Continued slow growth in household income
Disposable income in households increased by 0.6 per cent from the previous quarter according to seasonally-adjusted figures. Consumption increased more, thus leading to lower savings in the same period.
|1st quarter 2016||2nd quarter 2016||3rd quarter 2016||4th quarter 2016|
|Compensation of employees||367 961||368 245||375 897||375 519|
|Disposable income||337 849||339 216||344 442||346 465|
|Consumption||330 024||333 205||334 318||336 696|
|Saving||26 237||23 440||28 696||28 191|
|Savings ratio (per cent)||7.4||6.6||7.9||7.7|
|Real disposable income, growth||-4.2||1.4||1.7||-0.4|
Households’ disposable income went up just over NOK 2 billion from the 3rd to the 4th quarter of 2016, according to seasonally-adjusted figures. Compensation of employees remained unchanged, while payments and benefits received from general government, mostly work-related benefits, increased by NOK 2 billion. Property income received increased more than property income paid and contributed to a higher disposable income.
Final consumption expenditure increased slightly more than disposable income, and with unchanged adjustment for changes in pension entitlements, household savings decreased in the 4th quarter. The seasonally-adjusted savings rate was 7.7 per cent.
Decreased real disposable income in 2016
Preliminary figures show that households’ disposable income was up 1.5 per cent in 2016 compared with the previous year. Adjusted for population growth, the increase was just 0.6 per cent, which corresponds to a disposable income per capita of NOK 261 000. Households’ saving amounted to NOK 105 billion in 2016. Saving per capita was about NOK 20 000. The yearly savings rate for households was 7.3 per cent, clearly lower than 10.8 per cent in 2015. However, the savings ratio in 2016 is just 1 percentage point lower compared to the average over the past five years.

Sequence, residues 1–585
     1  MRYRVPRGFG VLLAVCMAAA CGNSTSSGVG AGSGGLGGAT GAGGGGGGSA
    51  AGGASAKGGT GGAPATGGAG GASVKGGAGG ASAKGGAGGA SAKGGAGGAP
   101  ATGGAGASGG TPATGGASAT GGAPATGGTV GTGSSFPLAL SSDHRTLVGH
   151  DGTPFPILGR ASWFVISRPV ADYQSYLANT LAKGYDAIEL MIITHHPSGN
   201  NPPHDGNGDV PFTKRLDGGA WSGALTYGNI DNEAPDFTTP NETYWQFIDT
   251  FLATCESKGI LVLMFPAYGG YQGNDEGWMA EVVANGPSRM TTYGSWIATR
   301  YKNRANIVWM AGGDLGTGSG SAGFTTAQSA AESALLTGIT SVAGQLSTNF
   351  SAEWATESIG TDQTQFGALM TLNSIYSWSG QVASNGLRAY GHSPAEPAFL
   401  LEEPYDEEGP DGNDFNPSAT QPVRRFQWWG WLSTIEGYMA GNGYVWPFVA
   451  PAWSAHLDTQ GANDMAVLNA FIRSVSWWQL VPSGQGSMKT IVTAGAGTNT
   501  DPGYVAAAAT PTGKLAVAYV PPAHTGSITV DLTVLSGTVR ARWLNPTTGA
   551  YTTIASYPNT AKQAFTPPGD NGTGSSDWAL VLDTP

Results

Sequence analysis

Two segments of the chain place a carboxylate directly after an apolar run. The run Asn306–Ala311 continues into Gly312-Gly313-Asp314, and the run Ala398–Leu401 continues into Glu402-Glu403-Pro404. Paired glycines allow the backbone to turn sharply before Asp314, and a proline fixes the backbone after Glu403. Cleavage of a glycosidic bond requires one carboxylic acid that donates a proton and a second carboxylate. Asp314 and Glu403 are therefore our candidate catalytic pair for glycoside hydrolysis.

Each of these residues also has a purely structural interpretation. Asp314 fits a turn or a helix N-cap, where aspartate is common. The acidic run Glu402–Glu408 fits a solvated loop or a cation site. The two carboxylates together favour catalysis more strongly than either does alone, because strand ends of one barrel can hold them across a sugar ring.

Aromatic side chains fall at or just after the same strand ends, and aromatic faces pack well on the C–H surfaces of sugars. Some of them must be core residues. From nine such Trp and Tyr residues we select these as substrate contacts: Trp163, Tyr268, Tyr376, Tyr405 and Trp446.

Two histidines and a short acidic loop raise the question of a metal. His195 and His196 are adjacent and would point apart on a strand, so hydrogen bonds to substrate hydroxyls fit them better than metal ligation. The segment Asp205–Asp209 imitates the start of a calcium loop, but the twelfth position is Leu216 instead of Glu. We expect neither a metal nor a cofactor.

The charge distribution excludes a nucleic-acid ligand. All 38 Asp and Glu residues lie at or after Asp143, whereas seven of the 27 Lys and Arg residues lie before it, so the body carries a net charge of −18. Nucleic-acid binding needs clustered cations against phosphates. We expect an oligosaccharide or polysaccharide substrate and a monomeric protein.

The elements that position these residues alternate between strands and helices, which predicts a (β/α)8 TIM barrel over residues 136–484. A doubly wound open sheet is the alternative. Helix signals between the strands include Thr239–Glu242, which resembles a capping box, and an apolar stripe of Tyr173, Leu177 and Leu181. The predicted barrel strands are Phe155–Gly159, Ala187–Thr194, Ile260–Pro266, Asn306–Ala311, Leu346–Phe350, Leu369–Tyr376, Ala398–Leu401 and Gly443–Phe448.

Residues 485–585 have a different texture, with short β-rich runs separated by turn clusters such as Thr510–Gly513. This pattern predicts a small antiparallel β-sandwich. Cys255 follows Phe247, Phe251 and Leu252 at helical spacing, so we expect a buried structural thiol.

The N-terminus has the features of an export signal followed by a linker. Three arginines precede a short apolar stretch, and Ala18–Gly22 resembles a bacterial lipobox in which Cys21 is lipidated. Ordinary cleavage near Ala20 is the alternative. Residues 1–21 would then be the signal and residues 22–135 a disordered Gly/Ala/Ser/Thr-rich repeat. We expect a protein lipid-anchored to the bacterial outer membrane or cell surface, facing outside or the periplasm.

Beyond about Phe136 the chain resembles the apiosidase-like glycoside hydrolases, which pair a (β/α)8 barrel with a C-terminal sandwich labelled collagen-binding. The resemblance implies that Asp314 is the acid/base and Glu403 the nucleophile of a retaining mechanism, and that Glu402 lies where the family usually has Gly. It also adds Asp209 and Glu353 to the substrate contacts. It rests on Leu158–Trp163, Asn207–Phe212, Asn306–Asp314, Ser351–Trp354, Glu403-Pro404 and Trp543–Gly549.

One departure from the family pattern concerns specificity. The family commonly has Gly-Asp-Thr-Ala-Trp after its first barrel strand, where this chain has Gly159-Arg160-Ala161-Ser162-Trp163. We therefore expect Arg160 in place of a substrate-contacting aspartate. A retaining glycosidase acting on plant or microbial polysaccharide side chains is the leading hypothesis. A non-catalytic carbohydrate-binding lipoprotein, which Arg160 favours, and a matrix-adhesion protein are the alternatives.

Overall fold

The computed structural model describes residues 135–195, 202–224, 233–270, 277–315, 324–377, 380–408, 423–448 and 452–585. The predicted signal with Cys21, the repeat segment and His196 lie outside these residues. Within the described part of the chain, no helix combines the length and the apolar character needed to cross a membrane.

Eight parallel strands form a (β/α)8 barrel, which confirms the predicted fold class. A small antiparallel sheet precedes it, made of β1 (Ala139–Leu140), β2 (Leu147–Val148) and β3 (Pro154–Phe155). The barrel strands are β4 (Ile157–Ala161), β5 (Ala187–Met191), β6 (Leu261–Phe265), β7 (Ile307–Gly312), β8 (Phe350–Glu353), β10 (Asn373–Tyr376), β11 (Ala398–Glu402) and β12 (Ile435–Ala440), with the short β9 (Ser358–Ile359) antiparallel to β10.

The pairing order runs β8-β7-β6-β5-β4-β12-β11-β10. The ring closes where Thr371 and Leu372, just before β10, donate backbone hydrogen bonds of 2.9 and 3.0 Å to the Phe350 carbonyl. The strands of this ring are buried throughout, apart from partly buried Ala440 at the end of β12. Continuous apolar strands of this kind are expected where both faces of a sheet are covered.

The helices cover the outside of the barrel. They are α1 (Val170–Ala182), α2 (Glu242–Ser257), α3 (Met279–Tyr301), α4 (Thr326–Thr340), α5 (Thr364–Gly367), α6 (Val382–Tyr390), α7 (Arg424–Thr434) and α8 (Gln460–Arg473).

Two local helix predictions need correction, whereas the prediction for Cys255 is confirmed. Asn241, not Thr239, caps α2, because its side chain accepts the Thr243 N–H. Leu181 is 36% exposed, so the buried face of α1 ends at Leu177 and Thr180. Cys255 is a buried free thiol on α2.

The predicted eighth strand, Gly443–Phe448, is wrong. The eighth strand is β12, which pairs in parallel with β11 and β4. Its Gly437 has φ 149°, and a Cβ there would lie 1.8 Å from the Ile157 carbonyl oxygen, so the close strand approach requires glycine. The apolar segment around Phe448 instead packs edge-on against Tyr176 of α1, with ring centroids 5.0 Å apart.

Increased income for non-financial corporations
The operating surplus of non-financial corporations has decreased over the last years, and the negative trend continued in 2016. Compared to 2015, the operating surplus was NOK 70 billion lower. Reduced property income paid and lower taxes contributed to an increased disposable income and net lending.
Income in the general government decreased in 2016, especially due to reduced petroleum-related taxes. Growth in property income received was also negative compared to 2015. Payments and benefits to household and consumption expenditure increased, leading to savings in general government of NOK 161 billion in 2016, which is NOK 80 billion lower than the previous year.
Lower disposable income for Norway
Norway's real disposable income in 2016 decreased 2.9 per cent, mainly due to a deterioration in the terms of trade. The price development of oil and gas contributed 4.1 percentage points to this decline. The change in terms of trade contributed overall with 4.3 percentage points of the decline. Production growth in the petroleum industry and on the mainland helped, however, to push up real disposable income by 1 percentage point, while changes in income and transfers of balance of payments contributed to the increase in real disposable income by 0.4 percentage points.
For more on contributions to real disposable income, see Table 41 below annual national accounts.
Figures for the 1st to 4th quarter of 2015 and 1st to 3rd quarter of 2016 have been revised
In connection with the release of figures for the 4th quarter of 2016, new information has been incorporated for all quarters from the 1st quarter of 2016. In addition, new figures for petroleum-related taxes in 2015 have been revised.
Quarterly sector accounts are based on preliminary calculations. The uncertainty in the last quarter is the largest. New information is continuously being integrated into the figures, which could cause revisions in the previously released data. Quarterly sector accounts are also consolidated against the data from the quarterly national accounts data. When the last quarters of the unadjusted series are updated, seasonally-adjusted series may also be revised backwards.
Find time series dating back to 2002, including households primarily income, savings, consumption and net financial investment